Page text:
I went out with a group of friends Monday night to see Amazing Grace. It's an extraordinary movie, and I think we would all highly recommend it, even the one who said she usually hates historical movies and, I guess, would have chosen the Hugh Grant option. I'm afraid I forced the issue, because I was decidedly not in a Hugh Grant mood.
None of my friends asked why I was behaving so badly. (Perhaps I always behave that way? A sobering thought.) We are experiencing simultaneous situations of great joy and great heaviness of heart in our family at the moment. That simultaneous juxtaposition has been the defining feature of our family's existence for some time now. It can be wearing.
There is a fabulous article in last Sunday's Magazine about belief in God as a question of evolutionary process:
"Which is the better biological explanation for a belief in God — evolutionary adaptation or neurological accident? Is there something about the cognitive functioning of humans that makes us receptive to belief in a supernatural deity? And if scientists are able to explain God, what then? Is explaining religion the same thing as explaining it away? Are the nonbelievers right, and is religion at its core an empty undertaking, a misdirection, a vestigial artifact of a primitive mind? Or are the believers right, and does the fact that we have the mental capacities for discerning God suggest that it was God who put them there?"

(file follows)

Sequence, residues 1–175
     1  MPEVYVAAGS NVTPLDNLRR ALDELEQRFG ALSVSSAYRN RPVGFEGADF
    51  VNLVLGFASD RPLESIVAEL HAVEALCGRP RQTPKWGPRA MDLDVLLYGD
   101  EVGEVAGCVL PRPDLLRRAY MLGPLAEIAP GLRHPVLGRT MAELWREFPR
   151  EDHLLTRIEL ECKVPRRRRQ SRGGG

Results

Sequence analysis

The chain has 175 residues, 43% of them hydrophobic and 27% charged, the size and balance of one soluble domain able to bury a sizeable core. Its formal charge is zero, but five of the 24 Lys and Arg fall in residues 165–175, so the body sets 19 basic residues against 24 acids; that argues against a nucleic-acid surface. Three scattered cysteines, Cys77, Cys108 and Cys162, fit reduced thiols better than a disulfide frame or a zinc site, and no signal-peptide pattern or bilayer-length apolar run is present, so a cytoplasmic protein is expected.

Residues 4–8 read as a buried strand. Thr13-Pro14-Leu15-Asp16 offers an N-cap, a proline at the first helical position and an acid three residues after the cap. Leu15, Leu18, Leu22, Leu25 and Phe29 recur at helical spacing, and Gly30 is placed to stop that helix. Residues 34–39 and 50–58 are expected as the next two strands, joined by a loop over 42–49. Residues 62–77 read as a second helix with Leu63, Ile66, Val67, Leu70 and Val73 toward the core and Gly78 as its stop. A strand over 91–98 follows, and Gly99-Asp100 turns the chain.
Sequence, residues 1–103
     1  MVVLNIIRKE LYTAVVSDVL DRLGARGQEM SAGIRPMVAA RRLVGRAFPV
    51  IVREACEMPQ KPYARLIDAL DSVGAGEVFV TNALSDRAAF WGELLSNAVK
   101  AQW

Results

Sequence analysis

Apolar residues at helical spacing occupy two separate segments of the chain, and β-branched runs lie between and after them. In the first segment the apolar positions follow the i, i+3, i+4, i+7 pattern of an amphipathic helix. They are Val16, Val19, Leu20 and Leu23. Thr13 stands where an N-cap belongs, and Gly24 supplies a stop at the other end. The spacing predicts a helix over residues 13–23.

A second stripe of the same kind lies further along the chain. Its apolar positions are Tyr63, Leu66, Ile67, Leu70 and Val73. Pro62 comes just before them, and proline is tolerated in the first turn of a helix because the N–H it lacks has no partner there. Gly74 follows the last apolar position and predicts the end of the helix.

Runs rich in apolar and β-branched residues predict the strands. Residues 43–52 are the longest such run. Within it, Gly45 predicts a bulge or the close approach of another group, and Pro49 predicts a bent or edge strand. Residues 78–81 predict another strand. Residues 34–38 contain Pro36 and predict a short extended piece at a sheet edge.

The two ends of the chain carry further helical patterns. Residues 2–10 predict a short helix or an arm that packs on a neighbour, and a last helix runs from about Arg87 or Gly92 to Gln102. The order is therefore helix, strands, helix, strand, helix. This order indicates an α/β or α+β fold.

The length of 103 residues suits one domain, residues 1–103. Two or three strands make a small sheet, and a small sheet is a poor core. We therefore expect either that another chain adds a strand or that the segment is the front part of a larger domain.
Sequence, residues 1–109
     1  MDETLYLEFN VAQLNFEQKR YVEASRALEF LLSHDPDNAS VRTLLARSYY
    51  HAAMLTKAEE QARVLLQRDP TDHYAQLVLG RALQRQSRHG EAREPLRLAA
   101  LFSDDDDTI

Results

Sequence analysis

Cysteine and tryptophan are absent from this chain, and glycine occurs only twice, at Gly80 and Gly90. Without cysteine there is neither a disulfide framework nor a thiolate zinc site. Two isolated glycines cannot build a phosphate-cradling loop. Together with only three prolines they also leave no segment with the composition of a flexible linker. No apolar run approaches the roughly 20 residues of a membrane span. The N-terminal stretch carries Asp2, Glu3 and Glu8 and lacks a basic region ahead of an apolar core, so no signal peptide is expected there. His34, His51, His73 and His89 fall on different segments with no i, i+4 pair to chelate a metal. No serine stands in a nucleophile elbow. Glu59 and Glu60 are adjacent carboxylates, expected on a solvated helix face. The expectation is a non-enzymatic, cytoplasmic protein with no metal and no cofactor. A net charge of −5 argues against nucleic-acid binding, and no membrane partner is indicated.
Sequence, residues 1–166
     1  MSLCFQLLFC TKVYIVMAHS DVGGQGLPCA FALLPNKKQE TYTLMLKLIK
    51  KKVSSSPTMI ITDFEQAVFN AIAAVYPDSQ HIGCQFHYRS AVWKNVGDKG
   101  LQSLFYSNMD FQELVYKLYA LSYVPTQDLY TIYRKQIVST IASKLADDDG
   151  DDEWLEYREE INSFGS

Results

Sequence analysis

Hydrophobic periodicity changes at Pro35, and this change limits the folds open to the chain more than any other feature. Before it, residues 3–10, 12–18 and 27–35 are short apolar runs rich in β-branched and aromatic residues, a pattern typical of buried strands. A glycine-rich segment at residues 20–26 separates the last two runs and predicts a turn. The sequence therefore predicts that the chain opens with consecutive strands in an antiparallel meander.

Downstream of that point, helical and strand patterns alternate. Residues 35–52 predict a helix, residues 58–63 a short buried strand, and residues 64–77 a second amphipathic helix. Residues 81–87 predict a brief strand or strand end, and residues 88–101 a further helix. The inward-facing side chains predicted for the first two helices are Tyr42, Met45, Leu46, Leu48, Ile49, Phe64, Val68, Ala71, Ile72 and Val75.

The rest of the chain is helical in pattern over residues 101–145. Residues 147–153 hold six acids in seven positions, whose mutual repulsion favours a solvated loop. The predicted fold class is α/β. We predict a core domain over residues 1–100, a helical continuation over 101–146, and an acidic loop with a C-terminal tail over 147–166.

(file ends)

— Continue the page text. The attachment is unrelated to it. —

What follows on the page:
I happen to be confident in the truth of the final clause of the excerpt, but the whole article is fascinating.
I'm working on . . .
a request to people I don't know for something I don't have . . .
a Powerpoint and presentation on prayer . . .
a document with respect to the Presbyterian Church's ordination controversy . . .
a class paper on the book The Mantle of the Prophet, with which I desperately wish the President of the United States and his Secretary of State had familiarized themselves BEFORE treading eastward (and the book is about Islam and Iran ~ it's not too late, Mr. President and Madame Secretary!) . . .
our state's standardized graduation tests for 10th graders, which I have to ensure proceed without a hitch over the next two weeks . . .
the gutter and soffit disaster on the front of the house, for which the repair estimate went from $2500 to $5000 in, oh, the blink of an eye . . . .
Yes, it's definitely the middle of the week. In March, a month in which I should be in St. Augustine. I would have other things on which to focus there.